Does the Budget Match the Funding?Most people use a spreadsheet to generate a preliminary budget for their historic home renovation, which is based on previous or current costs from manufacturers, local artisans, or retailers. Using item-by-item costs will create the most accurate budget, but that process also requires the longest time to finish. Using a previous project similar in size and scope can quickly provide approximate budget amounts, which can be adjusted for unique aspects of the new project. Many projects get stalled at this point due to calculated costs exceeding the funds available. Costs may be reduced by using lower priced materials or making fewer repairs during the historic home renovation.  Photo by: Richard Powers

    Does the Budget Match the Funding?

    Most people use a spreadsheet to generate a preliminary budget for their historic home renovation, which is based on previous or current costs from manufacturers, local artisans, or retailers. Using item-by-item costs will create the most accurate budget, but that process also requires the longest time to finish. Using a previous project similar in size and scope can quickly provide approximate budget amounts, which can be adjusted for unique aspects of the new project. Many projects get stalled at this point due to calculated costs exceeding the funds available. Costs may be reduced by using lower priced materials or making fewer repairs during the historic home renovation.

    Photo by: Richard Powers

  • 
  Develop a Sequenced ScheduleA schedule is a list of work activities in logical sequence with a duration, a begin date, and a finish date. To minimize the risk of delays for your historic home renovation, task durations should not be longer than two weeks. Large tasks spanning more than two weeks can be broken down into two week sub-task packages.  Photo by: Brett Boardman

    Develop a Sequenced Schedule

    A schedule is a list of work activities in logical sequence with a duration, a begin date, and a finish date. To minimize the risk of delays for your historic home renovation, task durations should not be longer than two weeks. Large tasks spanning more than two weeks can be broken down into two week sub-task packages.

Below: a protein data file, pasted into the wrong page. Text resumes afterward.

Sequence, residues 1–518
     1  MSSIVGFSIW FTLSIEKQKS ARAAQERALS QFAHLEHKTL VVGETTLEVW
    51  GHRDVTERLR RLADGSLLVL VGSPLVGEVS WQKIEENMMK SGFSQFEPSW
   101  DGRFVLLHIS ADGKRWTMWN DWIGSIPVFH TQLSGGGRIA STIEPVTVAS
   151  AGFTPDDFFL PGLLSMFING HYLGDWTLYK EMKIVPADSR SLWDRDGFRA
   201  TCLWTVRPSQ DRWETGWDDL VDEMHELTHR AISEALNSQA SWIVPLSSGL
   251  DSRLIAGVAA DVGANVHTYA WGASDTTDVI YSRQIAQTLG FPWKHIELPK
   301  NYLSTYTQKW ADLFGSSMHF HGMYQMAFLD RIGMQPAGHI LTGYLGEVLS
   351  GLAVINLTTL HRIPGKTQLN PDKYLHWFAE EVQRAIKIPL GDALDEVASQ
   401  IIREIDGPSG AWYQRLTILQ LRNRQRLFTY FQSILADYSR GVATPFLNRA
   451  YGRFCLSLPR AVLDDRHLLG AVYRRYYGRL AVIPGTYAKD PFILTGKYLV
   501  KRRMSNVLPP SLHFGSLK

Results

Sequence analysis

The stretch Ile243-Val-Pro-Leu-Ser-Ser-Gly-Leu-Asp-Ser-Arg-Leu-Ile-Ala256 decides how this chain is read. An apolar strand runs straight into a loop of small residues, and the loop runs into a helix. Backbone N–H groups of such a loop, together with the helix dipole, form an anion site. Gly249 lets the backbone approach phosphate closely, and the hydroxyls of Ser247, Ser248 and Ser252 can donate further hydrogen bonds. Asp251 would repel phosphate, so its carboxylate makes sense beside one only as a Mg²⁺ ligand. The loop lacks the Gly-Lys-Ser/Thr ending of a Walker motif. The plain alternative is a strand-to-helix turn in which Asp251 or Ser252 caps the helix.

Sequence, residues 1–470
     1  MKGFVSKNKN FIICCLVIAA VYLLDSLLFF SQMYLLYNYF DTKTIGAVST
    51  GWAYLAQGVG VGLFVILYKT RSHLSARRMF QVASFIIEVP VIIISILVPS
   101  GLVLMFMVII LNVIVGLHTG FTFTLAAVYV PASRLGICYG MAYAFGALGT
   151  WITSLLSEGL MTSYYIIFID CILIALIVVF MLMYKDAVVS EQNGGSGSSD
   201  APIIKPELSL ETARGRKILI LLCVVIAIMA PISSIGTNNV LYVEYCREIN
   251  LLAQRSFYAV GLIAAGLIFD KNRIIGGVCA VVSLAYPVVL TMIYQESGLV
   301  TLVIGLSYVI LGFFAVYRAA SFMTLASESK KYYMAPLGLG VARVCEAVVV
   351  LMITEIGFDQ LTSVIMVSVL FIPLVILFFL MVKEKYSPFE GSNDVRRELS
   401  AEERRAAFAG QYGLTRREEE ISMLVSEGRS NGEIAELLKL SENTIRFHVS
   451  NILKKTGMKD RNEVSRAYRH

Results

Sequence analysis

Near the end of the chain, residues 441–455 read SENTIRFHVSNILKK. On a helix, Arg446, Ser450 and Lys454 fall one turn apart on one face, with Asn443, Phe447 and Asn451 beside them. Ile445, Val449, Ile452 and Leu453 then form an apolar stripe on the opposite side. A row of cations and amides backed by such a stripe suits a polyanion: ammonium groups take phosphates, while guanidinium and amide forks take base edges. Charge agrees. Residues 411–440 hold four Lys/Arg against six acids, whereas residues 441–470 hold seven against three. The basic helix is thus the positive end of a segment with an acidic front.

Photo by: Brett Boardman

  • 
  Planning Saves Time and MoneyFor small projects (<$15,000), a seat-of-the-pants decision style may be appropriate. However, experience has shown that medium to large historic home renovation projects (>$20,000 to $1 million) benefit significantly by applying project management processes. In most cases, tasks can be performed in parallel, and assignment of skilled trades can occur smoothly without overlap or delay. Large expenses can be identified in advance, enabling better funding. As the historic home renovation become more complex and expensive, the project manager becomes as critical to the success of the project as the mason, electrician and historian.  Photo by: Rene Mesman

    Planning Saves Time and Money

    For small projects (<$15,000), a seat-of-the-pants decision style may be appropriate. However, experience has shown that medium to large historic home renovation projects (>$20,000 to $1 million) benefit significantly by applying project management processes. In most cases, tasks can be performed in parallel, and assignment of skilled trades can occur smoothly without overlap or delay. Large expenses can be identified in advance, enabling better funding. As the historic home renovation become more complex and expensive, the project manager becomes as critical to the success of the project as the mason, electrician and historian.

    Photo by: Rene Mesman

@current / @total

Join the Discussion

Loading comments...